Bacterium E. coli- and phage P22-templated synthesis of semiconductor nanostructures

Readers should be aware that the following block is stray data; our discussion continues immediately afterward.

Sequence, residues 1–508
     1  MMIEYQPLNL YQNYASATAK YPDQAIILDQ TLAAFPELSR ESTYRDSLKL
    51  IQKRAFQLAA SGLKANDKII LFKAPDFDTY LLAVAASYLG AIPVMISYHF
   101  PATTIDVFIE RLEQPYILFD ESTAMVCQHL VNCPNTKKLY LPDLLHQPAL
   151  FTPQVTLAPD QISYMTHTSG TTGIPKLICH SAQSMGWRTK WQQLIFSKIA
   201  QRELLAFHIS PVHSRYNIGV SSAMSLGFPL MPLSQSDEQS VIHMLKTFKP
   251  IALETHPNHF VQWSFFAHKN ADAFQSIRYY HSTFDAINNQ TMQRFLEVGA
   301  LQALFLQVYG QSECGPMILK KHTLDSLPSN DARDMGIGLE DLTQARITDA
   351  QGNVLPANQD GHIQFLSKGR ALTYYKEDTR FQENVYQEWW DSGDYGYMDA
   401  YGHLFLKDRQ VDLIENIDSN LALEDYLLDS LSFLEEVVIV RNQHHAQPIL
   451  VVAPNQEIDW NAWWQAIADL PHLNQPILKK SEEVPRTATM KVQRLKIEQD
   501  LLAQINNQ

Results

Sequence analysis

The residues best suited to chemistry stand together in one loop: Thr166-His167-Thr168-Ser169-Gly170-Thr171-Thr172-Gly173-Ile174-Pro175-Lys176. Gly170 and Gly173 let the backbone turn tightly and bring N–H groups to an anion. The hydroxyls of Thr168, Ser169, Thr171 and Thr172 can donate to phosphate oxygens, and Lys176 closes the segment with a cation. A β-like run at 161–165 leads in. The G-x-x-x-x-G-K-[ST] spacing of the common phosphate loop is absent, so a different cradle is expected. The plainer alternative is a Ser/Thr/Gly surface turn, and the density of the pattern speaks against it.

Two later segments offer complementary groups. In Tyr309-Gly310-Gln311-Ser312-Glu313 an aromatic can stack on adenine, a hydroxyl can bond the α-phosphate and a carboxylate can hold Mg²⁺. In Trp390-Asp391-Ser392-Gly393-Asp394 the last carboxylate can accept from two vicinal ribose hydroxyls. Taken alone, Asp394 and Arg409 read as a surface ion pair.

The properties of inorganic materials in the nanoscale are found to be size- and shape-dependent due to quantum confinement effects, and thereby nanomaterials possess properties very different from those of single molecules as well as those of bulk materials. Assembling monodispersed nanoparticles into highly ordered hierarchical architectures is expected to generate novel collective properties for potential applications in catalysis, energy, biomedicine, etc. The major challenge in the assembly of nanoparticles lies in the development of controllable synthetic strategies that enable the growth and assembly of nanoparticles with high selectivity and good controllability. Biological matter possesses robust and precisely ordered structures that exist in a large variety of shapes and sizes, providing an ideal platform for synthesizing high-performance nanostructures. The primary goal of this thesis work has been to develop rational synthetic strategies for high-performance nanostructured materials using biological templates, which are difficult to achieve through traditional chemical synthetic methods. These approaches can serve as general bio-inspired approaches for synthesizing nanoparticle assemblies with desired components and architectures. CdS- and TiO_2 -binding peptides have been identified using phage display biopanning technique and the mechanism behind the specific affinity between the selected peptides and inorganic substrates are analyzed. The ZnS- and CdS-binding peptides, identified by the phage display biopanning, are utilized for the selective nucleation and growth of sulfides over self-assembled genetically engineered P22 coat proteins, resulting in ordered nanostructures of sulfide nanocrystal assemblies. The synthetic strategy can be extended to the fabrication of a variety of other nanostructures. A simple sonochemical route for the synthesis and assembly of CdS nanostructures with high yield under ambient conditions has been developed by exploiting the chemical characteristics and structure of permeabilized E. coli bacteria. The crystal phase, morphology, micro/nanostructure, optical absorption, and photocatalytic properties of the CdS nanostructures are tailored over a wide range by merely changing the synthetic conditions. Photoanodes fabricated using the nanoporous hollow CdS microrods exhibit excellent performance for the photocatalytic hydrogen production. This facile approach has been extended to the synthesis and assembly of other semiconducting sulfides, including PbS, ZnS, and HgS.